S. Craig Zahler said...


I'm glad that you dig Woolrich. "Murder at the Automat" (Dime Detective 1937) is very short and pretty simple, but very vivid and a favorite.

Yes, Centipede Press does nice work---they put out a very lovely edition of Ted Chiang's The Lifecycle of Software Objects a few years ago. That's some great science fiction from my second favorite current practitioner in the field. (My #1 is Greg Egan).

In general, I prefer to avoid learning about the personal lives of authors whose work I enjoy, unless they go from writing Spider novels and spicy westerns stories to writing speeches for the President of the United States. I did enjoy visiting Lovecraft's grave in RI and where he lived, but that was more for the atmosphere than to get specific data on his life, about which I know a small amount.

I just read 'Fisherman's Luck' in Adventure (Nov 10 1921) by Arthur Gilchrist Brodeur. Wow. Harold Lamb would really be proud of that story, and Lamb is my #1 favorite guy in that magazine by far. I'm happy that I have more Brodeur works in my piles---he might soon join my personal top tier of Adventure writers, which is Lamb, Friel, and Greene. Dunn is close.

If you have any favorite Brodeur tales, feel free to recommend. Like Lamb, this is another guy whose work seems like a more thoughtful and better-plotted Robert E Howard precursor, though yes, I'm definitely a REH fan.

James Reasoner said...


If you can ever make your way to Texas in June, you should check out Robert E. Howard Days in Cross Plains, held every year on the weekend closest to June 11. I'll be headed down there next week for my annual visit with REH fans from all over the world.

Black Dog Books has reprinted at least one volume of stories by Brodeur. It's on my shelves but I haven't read it yet.

Walker Martin said...

Harold Lamb is one of my top favorite writers also. I first discovered him in the mid-1960's when his Khlit collection was published and received good reviews. At that time I was just collecting old SF magazines and never dreamed that someday I would find all the great back issues of ADVENTURE(1910-1953). I figured as an adult magazine, they just didn't save back issues like the young men who collected the SF pulps. Starting in 1972 at the first Pulpcon I found out just how wrong I was!

I like the ADVENTURE authors that you list and in addition I recommend Robert Simpson who wrote a series of stories about Marsden & Co, trading posts in Africa. Also a big favorite of mine is Leonard Nason who wrote crazy stories about WW I. I can identify with his goldbrick soldiers just trying to stay alive and avoid duty. I served two years as a draftee and was not happy. Also Bill Adams wrote some excellent stories about his life at sea. There were around 40 serials and ocmplete novels by Hugh Pendexter that I found to be very enjoyable and full of great scenes based on American history in the 1700's and 1800's.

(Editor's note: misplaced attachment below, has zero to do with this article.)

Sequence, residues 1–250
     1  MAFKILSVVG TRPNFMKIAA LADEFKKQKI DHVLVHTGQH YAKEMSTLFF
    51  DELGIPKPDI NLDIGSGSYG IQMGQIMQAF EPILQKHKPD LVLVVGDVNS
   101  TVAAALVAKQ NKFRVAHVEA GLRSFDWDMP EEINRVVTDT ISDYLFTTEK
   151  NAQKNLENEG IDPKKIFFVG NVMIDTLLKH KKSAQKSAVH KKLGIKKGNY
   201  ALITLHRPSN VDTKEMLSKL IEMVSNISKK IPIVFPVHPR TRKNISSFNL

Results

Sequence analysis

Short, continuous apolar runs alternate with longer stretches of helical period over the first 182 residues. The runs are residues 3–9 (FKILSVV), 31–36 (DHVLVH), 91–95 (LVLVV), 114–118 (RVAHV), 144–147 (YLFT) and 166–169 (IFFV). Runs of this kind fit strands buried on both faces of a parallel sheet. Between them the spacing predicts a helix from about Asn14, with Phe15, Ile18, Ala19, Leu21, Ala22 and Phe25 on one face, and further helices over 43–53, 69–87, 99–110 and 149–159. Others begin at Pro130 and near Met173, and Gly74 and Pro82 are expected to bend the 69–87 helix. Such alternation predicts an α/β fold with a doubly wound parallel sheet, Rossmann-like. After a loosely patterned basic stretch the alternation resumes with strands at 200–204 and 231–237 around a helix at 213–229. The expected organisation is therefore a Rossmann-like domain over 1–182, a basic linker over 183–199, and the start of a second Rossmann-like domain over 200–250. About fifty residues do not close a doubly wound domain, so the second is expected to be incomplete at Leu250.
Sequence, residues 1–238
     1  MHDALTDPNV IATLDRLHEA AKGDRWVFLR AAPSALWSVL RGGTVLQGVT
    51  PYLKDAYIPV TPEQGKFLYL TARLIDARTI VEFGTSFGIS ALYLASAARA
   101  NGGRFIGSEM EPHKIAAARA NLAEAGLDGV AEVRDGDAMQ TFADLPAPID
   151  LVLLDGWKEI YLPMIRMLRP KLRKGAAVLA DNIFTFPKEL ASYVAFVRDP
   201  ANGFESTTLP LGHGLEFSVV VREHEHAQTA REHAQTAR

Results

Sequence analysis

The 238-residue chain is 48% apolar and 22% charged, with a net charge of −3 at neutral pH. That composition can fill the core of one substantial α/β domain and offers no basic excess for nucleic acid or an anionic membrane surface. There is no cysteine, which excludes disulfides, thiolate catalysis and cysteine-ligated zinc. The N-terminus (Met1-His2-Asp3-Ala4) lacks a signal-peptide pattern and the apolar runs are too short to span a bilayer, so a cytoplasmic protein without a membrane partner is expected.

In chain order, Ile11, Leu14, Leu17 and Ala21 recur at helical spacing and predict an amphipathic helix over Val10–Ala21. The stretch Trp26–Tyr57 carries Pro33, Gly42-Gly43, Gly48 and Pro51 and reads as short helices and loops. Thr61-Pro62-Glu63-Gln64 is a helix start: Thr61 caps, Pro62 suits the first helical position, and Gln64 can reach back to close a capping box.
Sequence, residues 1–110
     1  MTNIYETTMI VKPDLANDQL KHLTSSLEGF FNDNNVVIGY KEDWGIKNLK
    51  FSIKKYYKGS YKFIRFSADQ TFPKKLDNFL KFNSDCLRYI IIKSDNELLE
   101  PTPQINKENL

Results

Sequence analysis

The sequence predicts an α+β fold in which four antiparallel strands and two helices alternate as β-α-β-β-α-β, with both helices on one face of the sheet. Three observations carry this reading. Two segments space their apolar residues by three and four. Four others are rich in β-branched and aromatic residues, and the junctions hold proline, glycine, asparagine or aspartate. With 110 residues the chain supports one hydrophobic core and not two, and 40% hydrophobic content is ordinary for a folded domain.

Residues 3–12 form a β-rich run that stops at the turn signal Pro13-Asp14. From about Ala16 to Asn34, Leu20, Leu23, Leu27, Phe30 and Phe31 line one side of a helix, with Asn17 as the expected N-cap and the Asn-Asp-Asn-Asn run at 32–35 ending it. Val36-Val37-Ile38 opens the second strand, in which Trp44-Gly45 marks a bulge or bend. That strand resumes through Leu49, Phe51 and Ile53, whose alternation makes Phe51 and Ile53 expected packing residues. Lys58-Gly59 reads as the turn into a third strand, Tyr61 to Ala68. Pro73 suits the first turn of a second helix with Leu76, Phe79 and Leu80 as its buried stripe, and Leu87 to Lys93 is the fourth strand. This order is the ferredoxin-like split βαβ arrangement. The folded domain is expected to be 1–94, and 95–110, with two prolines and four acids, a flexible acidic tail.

In many respects The Campfire letter column was one of the best things in the magazine. The editor cut out the letters praising the magazine and instead published letters from old indian fighters; men who actually served under sail; what he called Typical Tropical Tramps, who were adventurers who roamed the world over. I know you are familiar with all the above but perhaps others might be interested in ADVENTURE. In my opinion the very best of the fiction magazines.

S. Craig Zahler said...


I'm not often in Texas, but if I am, I might try to visit the Robert E. Howard event. Certainly if you are in NY feel free to reach out. After reading lots of works by guys like Lamb and Friel and CA Smith as well as more Edgar Rice Burroughs my desire to read tons of REH is a little bit diminished, since I find him less consistent than these guys, though I continue to explore his works, and he was the very first pulp author I read as a little kid.


First off, congratulations on surviving your service.

I liked the one long Leonard Nason novel that I read in Adventure---it showed a good grasp of psychology, subtlety, and some good humor.

I'll keep an eye out for Robert Simpson and Hugh Pendexter, whose works I can't accurately comment on from the short things I've read in the past, though the trading posts in Africa thing sounds quite promising!